One of the activities we were told is a must when visiting Rarotonga is a cruise on the lagoon at Muri. A couple of operators run daily glass bottomed boat adventures, which include snorkelling, musical entertainment, a barbeque lunch, and a “coconut” show, including palm tree climbing and coconut husking. It all sounded very package touristy, but… when in Raro!
We weren’t sure we’d get on a boat at all, given Miss Phoebe’s fear of watercraft, as you can read about in our adventures in Sarawak in Borneo and Montague Island near Narooma. When I asked her whether she would consider taking a trip in a glass bottomed boat, after answering all of her questions about the structural functionality of a glass bottomed boat (such as where the glass is, actually) the answer was a surprisingly confident, ‘yes’. It seems that a few days mucking about with a kayak in the aqua marine waters of Raro cured her of her boat phobia.
That, and the prospect of an aquarium right underneath the boat was too exciting to resist.
As far as we could tell by the brochures, Captain Tama’s Lagoon Cruizes (with a ‘z’ for extra zest) and Koka Lagoon Cruises both run a similar kind of operation. Although I’d like to say we chose Koka for their superior spelling, I didn’t notice that until later. We gave Phoebe the choice for being brave, and she selected the Koka brochure for its pictures.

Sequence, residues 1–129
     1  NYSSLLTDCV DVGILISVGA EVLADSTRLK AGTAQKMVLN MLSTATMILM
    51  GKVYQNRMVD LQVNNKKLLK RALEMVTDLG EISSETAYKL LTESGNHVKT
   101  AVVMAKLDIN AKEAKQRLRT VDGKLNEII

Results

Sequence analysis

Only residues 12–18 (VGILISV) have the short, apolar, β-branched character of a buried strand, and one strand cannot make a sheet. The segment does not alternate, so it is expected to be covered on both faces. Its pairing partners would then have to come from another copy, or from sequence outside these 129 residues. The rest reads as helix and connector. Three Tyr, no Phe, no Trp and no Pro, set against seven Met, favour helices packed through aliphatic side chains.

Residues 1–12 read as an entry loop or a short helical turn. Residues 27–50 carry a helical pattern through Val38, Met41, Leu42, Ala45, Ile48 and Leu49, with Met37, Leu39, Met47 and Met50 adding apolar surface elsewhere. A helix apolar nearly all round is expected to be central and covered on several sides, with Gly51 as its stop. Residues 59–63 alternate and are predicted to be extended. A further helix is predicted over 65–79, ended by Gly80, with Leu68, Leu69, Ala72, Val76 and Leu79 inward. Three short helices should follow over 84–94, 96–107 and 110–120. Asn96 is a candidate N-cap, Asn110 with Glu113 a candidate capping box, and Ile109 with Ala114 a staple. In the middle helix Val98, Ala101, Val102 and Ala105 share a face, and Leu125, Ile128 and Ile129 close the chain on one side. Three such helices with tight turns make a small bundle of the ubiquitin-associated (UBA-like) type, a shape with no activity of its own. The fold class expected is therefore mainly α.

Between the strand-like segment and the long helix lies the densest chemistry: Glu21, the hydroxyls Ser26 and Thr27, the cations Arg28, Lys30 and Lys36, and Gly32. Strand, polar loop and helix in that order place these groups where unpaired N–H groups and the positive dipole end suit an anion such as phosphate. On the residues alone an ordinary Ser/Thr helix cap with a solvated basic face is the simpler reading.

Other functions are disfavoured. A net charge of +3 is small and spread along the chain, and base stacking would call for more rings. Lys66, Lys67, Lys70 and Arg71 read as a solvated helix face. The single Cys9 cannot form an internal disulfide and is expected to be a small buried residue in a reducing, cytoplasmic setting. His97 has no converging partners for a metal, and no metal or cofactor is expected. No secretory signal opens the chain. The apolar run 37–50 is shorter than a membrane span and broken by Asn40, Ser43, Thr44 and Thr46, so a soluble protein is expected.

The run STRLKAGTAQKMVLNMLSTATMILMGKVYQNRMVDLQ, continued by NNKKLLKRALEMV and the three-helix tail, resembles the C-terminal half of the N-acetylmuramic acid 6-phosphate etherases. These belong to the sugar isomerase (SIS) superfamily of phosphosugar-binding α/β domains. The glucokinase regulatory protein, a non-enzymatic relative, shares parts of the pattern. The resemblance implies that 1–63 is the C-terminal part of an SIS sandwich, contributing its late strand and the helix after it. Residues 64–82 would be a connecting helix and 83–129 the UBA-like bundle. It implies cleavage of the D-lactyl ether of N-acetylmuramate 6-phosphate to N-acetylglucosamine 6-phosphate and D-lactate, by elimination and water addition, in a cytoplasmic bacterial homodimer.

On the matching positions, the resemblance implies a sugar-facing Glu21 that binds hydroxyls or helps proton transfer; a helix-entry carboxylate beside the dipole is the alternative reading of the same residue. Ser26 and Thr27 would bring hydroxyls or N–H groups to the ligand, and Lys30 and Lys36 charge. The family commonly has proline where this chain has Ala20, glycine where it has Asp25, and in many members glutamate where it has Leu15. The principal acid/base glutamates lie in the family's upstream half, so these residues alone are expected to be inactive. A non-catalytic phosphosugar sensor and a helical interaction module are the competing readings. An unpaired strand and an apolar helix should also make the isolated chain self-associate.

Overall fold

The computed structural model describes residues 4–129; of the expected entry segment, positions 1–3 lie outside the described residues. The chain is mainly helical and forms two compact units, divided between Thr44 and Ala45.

Miss P likes fish… And she thought those Captain Tama’s boys looked a little scary. I thought they looked alright. But we did need to make a choice, after all…
The Koka website says that the trip costs NZ$79 per adult, and NZ$40 per child aged 5+, but they didn’t charge us for our two five-year-olds, which was pretty cool. We were told under sixes are free. They also do family deals, starting at $210 for two adults and two kids. While it seems pricey for a 3.5 hour tour, in my opinion the cost is worth it. This is probably one of the most fun touristy days out that we’ve had – and it’s definitely our Raro fave.
The trip began at 10am in Muri, and we were all smiles as we boarded.
It’s important to mention that you don’t do this trip for the snorkelling. If you want good snorkelling on Raro, head down to Titikaveka opposite Fruits of Rarotonga in the south-east, or Aroa Beach in the south-west, and swim into the reef from the beach. While the snorkelling spot on the lagoon cruise is one of Rarotonga’s marine conservation areas, and there are lots of fish about (they like the visiting boats as they get a feed each day), there’s nothing spectacular reef-wise to be seen in the water. There are small areas regenerating coral and farming clams, but that’s about it.
That said, one of the kids’ favourite part of the cruise was seeing the fish through the glass windowed hull. The crew got in the water and fed the fish from underneath the boat, so we spotted a school of blue finned trevally and some other pretty sizeable inshore reef dwellers. I’m not quite sure about the environmental responsibility of fish feeding, but it was certainly a spectacle that the crowd enjoyed.